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Kyu Sakamoto and Japan Airlines Flight 123

Kyu Sakimoto

Kyu Sakamoto

Kyu Sakamoto (Hisashi Oshima) was the first Japanese artist to have a number one hit in the United States with "Sukiyaki" in 1963. He was ranked number 18 in a list of Japan's top 100 influential musicians by HMV. Sakamoto (age 43) was a passenger on Japan Airlines Flight 123 (JAL123) when it crashed into a mountain in 1985. The tragedy was the deadliest single-aircraft accident and the second-deadliest aviation accident in history (after the Tenerife disaster). (Thanks to Wikipedia for the information.)

On 12 August 1985, JAL123 left Tokyo International Airport (Haneda Airport) at 6:12 PM with 509 passengers and 15 crew members on board, enroute to the city of Osaka. About 12 minutes after takeoff, the rear pressure bulkhead failed. The resulting explosive decompression tore the vertical stabilizer from the aircraft and severed all four of the aircraft's hydraulic systems. The first photograph, below, shows the vertical stabilizer separating from the plane's fuselage. The second photograph, taken moments later, shows the aircraft with the stabilizer missing.

Flight 123 losing its vertical stabilizer.

JAL123 as the vertical stabilizer separates from the plane's fuselage.

Flight 123 with its stabilizer gone.

JAL123 shown in flight, its vertical stabilizer missing.

The pilots set their transponder to broadcast a distress signal to Tokyo Area Control Center, which directed the aircraft to descend and gave it heading vectors for an emergency landing. Continued control problems required them to first request vectors back to Haneda, then to Yokota (a U.S. military air base), then back to Haneda again as the aircraft wandered uncontrollably.

With the loss of all control surfaces, the aircraft began to oscillate up and down in what is known as a phugoid cycle, a flight mode typical of accidents that disable an aircraft's controls. After descending to 13,500 feet, the pilots reported that the aircraft was uncontrollable. It headed for the Pacific Ocean, then turned back toward the shore and descended to below 7,000 feet before the pilots managed to return to a climb. The aircraft reached an altitude of 13,000 feet before entering a wild descent into the mountains and disappearing from radar at 6:56 p.m. and 6,800 feet. The plane hit a mountain as a result of the loss of control, flipped, and landed on its back. All 15 crew members and 505 of the 509 passengers were killed.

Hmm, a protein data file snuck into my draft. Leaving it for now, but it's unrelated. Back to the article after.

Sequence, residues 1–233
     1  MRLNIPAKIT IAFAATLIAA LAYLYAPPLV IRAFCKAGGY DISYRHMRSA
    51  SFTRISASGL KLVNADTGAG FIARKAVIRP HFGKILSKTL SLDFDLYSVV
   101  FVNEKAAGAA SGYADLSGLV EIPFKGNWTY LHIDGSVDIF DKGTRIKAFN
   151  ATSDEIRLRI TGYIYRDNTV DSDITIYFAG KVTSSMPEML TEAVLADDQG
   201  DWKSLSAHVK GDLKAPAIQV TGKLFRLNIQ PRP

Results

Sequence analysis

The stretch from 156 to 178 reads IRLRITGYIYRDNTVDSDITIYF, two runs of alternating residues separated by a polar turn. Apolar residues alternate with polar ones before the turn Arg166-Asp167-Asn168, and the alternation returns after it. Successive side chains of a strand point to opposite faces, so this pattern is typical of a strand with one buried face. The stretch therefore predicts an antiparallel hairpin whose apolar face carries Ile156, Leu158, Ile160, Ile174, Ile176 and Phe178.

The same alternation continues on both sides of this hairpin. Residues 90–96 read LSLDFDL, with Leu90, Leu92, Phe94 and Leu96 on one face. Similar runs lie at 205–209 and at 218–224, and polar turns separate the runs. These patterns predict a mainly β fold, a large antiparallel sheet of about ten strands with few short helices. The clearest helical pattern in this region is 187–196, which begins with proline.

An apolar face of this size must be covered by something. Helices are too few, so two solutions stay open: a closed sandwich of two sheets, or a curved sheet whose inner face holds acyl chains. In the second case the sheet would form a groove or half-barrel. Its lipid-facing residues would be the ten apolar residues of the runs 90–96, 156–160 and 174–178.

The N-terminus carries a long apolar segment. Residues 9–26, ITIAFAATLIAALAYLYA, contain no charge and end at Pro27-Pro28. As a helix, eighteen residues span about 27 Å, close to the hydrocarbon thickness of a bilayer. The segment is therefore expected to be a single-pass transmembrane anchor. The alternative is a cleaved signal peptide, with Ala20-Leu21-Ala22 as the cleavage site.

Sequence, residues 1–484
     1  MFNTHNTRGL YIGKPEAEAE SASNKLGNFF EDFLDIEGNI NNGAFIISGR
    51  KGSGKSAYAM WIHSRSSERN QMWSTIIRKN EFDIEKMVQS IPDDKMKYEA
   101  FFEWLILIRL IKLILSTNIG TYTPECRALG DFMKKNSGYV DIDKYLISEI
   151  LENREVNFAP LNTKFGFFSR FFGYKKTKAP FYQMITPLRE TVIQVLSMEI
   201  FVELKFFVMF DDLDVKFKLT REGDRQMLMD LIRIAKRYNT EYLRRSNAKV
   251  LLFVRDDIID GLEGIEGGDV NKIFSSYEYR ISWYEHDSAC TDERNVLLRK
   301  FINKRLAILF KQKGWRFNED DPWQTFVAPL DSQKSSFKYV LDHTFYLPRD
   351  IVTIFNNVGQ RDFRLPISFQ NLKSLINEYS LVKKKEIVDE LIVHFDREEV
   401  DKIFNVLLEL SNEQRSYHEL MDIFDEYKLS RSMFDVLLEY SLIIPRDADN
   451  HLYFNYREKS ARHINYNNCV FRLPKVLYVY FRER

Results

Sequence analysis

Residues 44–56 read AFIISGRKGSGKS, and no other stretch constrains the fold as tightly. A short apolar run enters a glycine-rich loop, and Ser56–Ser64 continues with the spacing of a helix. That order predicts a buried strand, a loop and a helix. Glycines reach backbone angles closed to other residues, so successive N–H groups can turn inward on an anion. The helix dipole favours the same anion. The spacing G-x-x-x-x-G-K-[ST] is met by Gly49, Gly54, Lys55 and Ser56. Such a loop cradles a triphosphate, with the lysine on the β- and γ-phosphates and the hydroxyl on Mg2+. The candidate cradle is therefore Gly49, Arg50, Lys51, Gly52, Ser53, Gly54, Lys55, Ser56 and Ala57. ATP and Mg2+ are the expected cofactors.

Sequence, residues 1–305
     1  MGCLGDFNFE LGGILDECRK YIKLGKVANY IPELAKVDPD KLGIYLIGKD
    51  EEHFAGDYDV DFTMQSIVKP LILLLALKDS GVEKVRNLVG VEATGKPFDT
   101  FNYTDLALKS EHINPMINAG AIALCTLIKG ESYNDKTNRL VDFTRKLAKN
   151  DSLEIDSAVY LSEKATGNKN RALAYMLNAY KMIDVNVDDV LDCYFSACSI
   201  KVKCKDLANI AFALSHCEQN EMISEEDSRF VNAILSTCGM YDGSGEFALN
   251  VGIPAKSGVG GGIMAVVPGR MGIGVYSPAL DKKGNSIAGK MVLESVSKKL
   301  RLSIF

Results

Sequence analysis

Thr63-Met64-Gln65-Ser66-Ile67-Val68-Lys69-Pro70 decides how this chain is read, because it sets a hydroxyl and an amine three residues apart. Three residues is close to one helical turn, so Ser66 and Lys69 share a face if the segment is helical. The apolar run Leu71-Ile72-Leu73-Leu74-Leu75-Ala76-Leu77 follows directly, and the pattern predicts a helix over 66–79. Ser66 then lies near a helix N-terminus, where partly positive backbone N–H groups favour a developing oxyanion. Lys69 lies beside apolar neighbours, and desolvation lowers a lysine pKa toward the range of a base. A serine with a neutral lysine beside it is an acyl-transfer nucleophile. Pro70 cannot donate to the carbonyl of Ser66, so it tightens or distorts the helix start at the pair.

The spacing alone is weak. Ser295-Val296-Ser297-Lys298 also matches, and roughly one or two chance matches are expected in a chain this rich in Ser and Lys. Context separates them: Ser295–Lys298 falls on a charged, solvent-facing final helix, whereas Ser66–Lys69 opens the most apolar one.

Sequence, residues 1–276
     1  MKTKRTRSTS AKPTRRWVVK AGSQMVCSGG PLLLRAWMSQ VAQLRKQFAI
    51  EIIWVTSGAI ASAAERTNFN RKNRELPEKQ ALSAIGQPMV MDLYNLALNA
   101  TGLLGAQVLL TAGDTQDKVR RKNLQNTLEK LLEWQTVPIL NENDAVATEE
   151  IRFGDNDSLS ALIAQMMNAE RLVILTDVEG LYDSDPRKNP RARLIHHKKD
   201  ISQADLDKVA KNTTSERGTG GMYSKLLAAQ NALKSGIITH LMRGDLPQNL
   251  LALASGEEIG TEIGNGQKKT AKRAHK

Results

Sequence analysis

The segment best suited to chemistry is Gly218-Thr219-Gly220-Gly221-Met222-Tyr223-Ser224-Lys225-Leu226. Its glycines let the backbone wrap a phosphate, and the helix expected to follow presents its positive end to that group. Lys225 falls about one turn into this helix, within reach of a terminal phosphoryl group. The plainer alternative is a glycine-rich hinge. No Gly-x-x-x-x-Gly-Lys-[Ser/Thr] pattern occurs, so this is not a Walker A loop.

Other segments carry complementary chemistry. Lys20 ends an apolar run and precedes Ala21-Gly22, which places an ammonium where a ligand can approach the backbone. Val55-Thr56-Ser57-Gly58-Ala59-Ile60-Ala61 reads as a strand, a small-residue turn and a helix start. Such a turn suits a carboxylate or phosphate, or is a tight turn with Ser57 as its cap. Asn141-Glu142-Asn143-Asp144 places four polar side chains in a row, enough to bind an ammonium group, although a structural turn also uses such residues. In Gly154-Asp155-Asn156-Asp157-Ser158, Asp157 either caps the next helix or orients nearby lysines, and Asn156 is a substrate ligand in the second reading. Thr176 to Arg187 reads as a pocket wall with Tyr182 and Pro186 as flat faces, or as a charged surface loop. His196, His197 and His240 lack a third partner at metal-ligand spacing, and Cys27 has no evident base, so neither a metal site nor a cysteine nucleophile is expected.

Thirty-two minutes elapsed from the time of the accident to the time of the crash, long enough for some passengers to write farewells to their families. One of these passengers was Kyu Sakamoto.

Sakamoto's grave

Kyu Sakamoto's grave in Tokyo.

Official Findings

The official cause of the crash according to Japan's then Aircraft Accidents Investigation Commission is as follows:

1. The aircraft was involved in a tailstrike incident at Osaka International Airport on June 2, 1978, which damaged the aircraft's rear pressure bulkhead.

2. The subsequent repair of the bulkhead did not conform to Boeing's approved repair methods. Boeing's procedures called for one continuous doubler plate with three rows of rivets to reinforce the damaged bulkhead, but the technicians fixing the aircraft used two separate doubler plates, one with two rows of rivets and one with only one row.[11] This reduced the part's resistance to metal fatigue by 70%. According to the FAA, the one "doubler plate" which was specified for the job, (the FAA calls it a "splice plate" - essentially a patch), was cut into two pieces parallel to the stress crack it was intended to reinforce, "to make it fit". This negated the effectiveness of two of the rows of rivets. During the investigation Boeing calculated that this incorrect installation would fail after approximately 10,000 pressurizations; the aircraft accomplished 12,319 take-offs between the installation of the new plate and the final accident.

3. When the bulkhead gave way, the resulting explosive decompression ruptured the lines of all four hydraulic systems. With the aircraft's control surfaces disabled, the aircraft became uncontrollable.

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